Tableau Software overhauled its subscription pricing structure, offering several different packages of its data visualization products to gain a stronger foothold among big companies.
These options replace Tableau’s current subscription pricing, first established last year in the midst of moving away from a perpetual license system. Here’s a look at the new offerings, which are meant to give users a variety of options to choose from:
- Tableau Creator offers Tableau’s full capabilities. This version is meant for the high-powered user who is creating the data and sharing it with others. This tier costs $70 per month per user.
- Tableau Explorer, priced at $35, lets users explore data, create their own dashboards and set up alerts and subscriptions.
- Tableau Viewer is the clearest example among the new offerings of an enterprise focused approach. It requires a minimum of 100 users, and it costs $12 per user per month. Tableau Viewer is mainly for people to view and follow data and visualizations created by others.
In an interview with GeekWire, Tableau CEO Adam Selipsky emphasized the importance of a variety of subscription options that can be tailored to a big company’s breadth of employees, as we enter what he called the “age of ubiquity of data analytics.” At the same time, not everyone needs the full power of Tableau to get their work done, creating an opening for the lower cost, stripped down options.
“A one size fits all approach does not work for something that is fundamental, that so many people in the organization need to do in order to do their jobs well, so we needed to keep pushing the envelop in terms of creating tailored offerings which allow sophisticated analysts to be even more sophisticated and allow casual users to enter the age of analytics as well,” Selipsky said.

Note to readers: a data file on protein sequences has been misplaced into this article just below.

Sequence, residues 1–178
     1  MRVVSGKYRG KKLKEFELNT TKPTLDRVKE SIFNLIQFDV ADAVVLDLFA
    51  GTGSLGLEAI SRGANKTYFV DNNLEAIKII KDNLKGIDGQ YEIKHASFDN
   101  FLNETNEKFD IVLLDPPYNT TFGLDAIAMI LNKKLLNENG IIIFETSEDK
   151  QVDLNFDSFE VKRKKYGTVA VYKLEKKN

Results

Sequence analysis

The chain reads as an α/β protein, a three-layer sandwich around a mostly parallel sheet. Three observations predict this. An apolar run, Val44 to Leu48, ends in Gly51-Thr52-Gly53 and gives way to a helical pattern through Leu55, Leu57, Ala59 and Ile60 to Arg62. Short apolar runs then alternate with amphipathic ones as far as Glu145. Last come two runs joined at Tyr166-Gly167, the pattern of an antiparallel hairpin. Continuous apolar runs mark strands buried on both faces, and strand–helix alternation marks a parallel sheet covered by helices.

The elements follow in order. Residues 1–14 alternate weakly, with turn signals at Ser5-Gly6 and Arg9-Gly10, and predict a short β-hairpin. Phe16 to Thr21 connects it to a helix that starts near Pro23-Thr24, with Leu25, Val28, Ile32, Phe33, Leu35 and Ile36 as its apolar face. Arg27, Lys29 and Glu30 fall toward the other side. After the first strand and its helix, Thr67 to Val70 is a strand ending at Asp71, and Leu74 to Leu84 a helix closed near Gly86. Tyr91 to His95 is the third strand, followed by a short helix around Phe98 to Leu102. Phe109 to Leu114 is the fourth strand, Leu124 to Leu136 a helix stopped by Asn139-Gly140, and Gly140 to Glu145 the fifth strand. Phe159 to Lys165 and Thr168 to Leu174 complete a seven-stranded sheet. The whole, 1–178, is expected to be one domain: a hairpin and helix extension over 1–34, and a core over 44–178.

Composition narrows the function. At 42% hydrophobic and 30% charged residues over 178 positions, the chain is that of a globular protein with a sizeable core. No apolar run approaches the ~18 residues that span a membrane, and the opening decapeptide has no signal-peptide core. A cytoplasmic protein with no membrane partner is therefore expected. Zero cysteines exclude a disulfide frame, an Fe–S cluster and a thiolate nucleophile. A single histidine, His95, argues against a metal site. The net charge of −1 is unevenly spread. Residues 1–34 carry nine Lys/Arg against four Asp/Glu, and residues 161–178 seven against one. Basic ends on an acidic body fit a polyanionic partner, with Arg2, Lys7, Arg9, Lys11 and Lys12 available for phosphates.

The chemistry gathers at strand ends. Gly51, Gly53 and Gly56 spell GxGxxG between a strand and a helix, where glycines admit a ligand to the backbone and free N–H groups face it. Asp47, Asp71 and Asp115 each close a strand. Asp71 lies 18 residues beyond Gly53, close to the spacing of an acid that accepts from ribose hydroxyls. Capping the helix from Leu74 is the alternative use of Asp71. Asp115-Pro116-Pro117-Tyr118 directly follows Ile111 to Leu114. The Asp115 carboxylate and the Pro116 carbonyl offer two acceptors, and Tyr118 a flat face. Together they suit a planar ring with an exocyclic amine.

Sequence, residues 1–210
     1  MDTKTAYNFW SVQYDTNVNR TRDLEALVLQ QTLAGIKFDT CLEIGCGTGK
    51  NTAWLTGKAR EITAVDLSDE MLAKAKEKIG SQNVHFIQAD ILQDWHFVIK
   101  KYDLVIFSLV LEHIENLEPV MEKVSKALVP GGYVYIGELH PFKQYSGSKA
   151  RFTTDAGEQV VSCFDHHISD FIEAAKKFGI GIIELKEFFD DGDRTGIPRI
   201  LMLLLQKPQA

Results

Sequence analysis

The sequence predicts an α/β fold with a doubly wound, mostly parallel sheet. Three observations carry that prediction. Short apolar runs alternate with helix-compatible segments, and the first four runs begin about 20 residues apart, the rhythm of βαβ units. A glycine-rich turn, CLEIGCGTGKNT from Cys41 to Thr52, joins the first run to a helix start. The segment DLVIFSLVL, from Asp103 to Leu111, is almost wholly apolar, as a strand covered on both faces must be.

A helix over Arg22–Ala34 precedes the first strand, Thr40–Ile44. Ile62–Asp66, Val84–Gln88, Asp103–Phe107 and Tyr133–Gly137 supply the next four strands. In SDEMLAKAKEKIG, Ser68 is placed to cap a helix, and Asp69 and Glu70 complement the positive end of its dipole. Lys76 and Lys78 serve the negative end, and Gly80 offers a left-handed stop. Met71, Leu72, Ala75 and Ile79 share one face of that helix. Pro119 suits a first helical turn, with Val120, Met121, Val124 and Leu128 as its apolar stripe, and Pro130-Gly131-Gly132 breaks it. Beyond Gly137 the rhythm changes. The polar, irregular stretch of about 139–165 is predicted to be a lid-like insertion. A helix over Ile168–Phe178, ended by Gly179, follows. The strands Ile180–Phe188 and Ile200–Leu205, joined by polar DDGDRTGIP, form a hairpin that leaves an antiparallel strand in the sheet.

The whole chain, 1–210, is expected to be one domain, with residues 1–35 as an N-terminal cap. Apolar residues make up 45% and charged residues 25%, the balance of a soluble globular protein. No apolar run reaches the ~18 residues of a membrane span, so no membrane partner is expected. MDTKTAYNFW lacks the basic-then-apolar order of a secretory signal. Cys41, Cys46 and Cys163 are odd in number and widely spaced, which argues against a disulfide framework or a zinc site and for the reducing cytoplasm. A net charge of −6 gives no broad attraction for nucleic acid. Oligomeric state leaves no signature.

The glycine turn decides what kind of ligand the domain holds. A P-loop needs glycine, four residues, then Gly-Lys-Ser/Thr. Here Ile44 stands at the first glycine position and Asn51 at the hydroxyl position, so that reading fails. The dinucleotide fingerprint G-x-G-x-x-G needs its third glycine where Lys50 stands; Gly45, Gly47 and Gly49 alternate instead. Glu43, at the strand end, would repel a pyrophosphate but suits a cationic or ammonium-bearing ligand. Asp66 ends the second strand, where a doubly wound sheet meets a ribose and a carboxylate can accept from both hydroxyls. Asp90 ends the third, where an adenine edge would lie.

In addition to these new subscription options, Tableau announced a new product called Tableau Prep that aims to simplify the process of data preparation, which involves collecting and standardizing data and then consolidating it down into a single file or table so that it can be analyzed.
In its announcement, Tableau cited a Harvard Business Review article reporting that people working on data analysis spent 80 percent of their time cleaning and shaping data and only 20 percent of their time actually analyzing it. Tableau Prep aims to flip that ratio on its head by taking menial but time-consuming tasks like standardizing punctuation across a data set and turning it into a single-click action.
The switch from perpetual licenses to subscriptions has been the biggest change at Tableau during Selipsky’s time as the chief executive. Selipsky reflected on the change, which dates back about 18 months, saying it is less risky for customers, who can cancel if they don’t use the services, and for the company as it keeps everyone on their toes.
“I like the fact that customers can walk away from us if they want to,” Selipsky said. “It will make us a better vendor at the end of the day. It will sharpen our focus every day and cause us to keep remembering we have to push the envelope on doing new and better things to make sure customers are highly successful in deploying, adopting and managing Tableau, so that when we get to renewal time it’s an administrative exercise not a decision.”
So far, Tableau’s shift to subscription products has been effective. After some tough times in 2015 and 2016, Tableau’s stock lost two-thirds of its value. But in the last 12 months, shares have risen 57 percent. In 2017, subscription revenue rose 235 percent over the previous year.
The new subscription pricing structure is part of a broader mission of evolving from “being a beloved tool to a mission-critical enterprise technology platform,” Selipsky said. And getting to that point takes a lot more work than just deciding to focus on big companies.
Appealing to every part of big organizations takes top-to-bottom commitment from Tableau, Selipsky said. To become an important enterprise tool, not only does Tableau have to offer a great product, it also must be safe and secure in order to earn buyin from security and IT teams.
“That’s one thing I have tried to bring extreme focus on to the company; we have to get enterprise ready in all of those areas across the company,” Selipsky said. “It’s hard, it’s multi-year and you have to apply continual energy to it for an extended period of time.”